Consider the Yield Curve

One of my favourite tools is that of the Yield Curve, in the US they look at the Treasury Curve and the TED (Treasury/EuroDollar), in Ireland we use the Euribor, and what the curve tells us is the interbank cost of borrowing money, or I should say that is what it represents because it can actually tell so much more. It is a market mechanism that gives an indication of what the belief is in the market towards inflation, interest rates and cost of funding, this isn’t opinion, it is derived from real money flowing around the world and that is why I like it, the Yield Curve doesn’t lie.

So we’ll take a look at what has been happening in the last month.

We see something interesting here, the short term expectation is that rates will remain low, in fact, with deflation still a fear the short-term working money (banks generally run off the 3 month) is getting cheaper of late. The divergence occurs after the 12 month mark, so essentially in a year the change in expectation in the last month is that rates will start to go up by more than what was expected in December, that is where the blue (jan 2010) line breaks away from the purple (dec 09′) one.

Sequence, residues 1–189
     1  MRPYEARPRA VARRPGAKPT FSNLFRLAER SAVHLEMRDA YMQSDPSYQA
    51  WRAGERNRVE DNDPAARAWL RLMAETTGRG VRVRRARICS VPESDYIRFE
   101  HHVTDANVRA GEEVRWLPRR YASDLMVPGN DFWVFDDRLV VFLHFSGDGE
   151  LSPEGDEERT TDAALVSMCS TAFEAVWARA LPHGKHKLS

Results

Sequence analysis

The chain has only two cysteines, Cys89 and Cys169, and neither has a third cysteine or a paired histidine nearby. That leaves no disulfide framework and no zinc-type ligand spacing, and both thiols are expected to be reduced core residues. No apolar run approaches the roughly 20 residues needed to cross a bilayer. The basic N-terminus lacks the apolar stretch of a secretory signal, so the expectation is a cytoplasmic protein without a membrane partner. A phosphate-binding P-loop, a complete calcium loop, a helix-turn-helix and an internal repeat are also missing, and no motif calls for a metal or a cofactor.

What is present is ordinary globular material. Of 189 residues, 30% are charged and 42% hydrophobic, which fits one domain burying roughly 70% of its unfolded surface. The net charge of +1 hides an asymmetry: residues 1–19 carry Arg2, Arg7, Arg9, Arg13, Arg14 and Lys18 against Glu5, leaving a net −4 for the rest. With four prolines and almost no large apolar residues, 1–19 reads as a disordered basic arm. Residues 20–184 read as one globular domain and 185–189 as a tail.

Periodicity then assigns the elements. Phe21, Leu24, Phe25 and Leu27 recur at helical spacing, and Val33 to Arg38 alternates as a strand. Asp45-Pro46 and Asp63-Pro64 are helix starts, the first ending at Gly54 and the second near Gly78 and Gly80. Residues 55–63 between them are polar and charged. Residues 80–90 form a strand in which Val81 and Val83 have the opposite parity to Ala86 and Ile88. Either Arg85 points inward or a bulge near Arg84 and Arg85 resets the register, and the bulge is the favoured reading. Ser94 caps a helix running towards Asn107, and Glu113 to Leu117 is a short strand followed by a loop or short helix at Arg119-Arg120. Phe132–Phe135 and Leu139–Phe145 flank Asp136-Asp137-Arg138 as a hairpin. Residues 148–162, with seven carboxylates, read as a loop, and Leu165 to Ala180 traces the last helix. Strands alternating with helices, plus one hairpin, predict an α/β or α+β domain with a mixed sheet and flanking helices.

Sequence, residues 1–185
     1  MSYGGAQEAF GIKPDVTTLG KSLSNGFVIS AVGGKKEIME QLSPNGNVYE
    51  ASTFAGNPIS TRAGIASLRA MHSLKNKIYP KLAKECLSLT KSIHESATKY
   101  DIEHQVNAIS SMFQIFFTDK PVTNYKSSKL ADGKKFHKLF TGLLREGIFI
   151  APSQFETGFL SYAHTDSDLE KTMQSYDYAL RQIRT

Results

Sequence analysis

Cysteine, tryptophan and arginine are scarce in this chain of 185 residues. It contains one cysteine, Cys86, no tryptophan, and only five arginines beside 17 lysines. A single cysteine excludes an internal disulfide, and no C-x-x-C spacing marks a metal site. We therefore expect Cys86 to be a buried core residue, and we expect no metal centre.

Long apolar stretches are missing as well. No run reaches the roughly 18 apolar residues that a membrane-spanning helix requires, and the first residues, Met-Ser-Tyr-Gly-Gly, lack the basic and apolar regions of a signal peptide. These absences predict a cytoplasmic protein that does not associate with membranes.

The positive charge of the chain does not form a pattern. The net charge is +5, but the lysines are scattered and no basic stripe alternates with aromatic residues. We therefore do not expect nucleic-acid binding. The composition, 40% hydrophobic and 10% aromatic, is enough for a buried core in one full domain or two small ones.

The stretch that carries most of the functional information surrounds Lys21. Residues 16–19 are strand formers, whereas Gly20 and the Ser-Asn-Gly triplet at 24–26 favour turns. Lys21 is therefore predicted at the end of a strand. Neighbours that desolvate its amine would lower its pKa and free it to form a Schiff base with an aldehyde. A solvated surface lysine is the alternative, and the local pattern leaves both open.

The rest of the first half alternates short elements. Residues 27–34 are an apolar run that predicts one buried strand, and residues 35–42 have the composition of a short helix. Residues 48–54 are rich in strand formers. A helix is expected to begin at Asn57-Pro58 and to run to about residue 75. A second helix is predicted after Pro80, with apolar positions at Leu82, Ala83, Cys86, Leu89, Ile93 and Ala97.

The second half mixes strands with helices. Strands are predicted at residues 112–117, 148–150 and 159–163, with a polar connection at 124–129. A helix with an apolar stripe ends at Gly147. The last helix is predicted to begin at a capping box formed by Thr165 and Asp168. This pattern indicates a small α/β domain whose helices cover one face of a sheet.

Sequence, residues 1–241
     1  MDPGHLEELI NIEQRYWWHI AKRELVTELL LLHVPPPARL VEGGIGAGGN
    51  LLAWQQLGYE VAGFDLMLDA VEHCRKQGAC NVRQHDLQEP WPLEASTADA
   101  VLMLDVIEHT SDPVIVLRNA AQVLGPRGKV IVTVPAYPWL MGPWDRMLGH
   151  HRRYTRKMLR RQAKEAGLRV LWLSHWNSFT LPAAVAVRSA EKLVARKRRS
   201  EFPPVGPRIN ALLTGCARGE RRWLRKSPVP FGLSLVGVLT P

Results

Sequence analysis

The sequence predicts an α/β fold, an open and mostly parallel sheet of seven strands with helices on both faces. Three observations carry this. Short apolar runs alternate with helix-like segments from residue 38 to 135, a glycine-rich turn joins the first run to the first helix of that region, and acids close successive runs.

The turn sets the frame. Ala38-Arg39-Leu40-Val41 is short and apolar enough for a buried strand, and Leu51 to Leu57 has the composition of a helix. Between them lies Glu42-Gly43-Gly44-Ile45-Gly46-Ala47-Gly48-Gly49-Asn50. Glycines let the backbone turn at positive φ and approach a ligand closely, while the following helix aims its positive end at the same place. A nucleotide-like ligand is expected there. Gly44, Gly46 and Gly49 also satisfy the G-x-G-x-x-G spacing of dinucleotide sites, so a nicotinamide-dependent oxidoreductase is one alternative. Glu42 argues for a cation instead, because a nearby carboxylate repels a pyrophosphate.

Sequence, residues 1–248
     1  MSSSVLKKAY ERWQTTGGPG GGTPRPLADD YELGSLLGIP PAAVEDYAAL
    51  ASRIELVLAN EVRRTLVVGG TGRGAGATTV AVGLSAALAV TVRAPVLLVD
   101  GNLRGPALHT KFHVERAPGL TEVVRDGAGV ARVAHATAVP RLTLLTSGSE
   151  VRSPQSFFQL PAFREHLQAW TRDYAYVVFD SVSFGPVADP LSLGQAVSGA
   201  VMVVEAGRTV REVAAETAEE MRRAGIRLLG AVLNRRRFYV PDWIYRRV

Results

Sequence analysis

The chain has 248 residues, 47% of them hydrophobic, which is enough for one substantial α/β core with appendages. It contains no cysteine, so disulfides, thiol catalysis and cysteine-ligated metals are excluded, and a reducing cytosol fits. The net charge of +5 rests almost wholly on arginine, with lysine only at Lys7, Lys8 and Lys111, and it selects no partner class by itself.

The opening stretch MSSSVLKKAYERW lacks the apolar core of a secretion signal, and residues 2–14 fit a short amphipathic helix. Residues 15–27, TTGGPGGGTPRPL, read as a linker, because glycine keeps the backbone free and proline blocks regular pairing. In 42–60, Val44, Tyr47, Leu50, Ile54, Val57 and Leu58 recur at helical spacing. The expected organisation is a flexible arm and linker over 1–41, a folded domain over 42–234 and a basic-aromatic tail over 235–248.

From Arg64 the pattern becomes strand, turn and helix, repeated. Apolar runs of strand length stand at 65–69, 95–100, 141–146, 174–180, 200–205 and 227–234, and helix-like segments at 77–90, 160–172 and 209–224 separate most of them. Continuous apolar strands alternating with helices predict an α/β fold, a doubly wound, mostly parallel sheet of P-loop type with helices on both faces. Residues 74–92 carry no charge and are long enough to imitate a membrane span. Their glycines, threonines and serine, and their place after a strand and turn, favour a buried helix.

What does that indicate? For a start it means that for the next 12 months nobody is overly concerned about a rate hike, we keep hearing it in the press but in the market there is nothing within the next 12 months that spells that out, if there was (and it’s not to say that things can’t or don’t change – quite rapidly at times) you’d see a much steeper curve arising. The other thing we can take from it is that between the 12 month and 2 year mark a rate hike is expected, part of the increase in price at that point is uncertainty, the longer you look out the more uncertain it gets, but the basics of it are that rates will rise at some point after a year from now.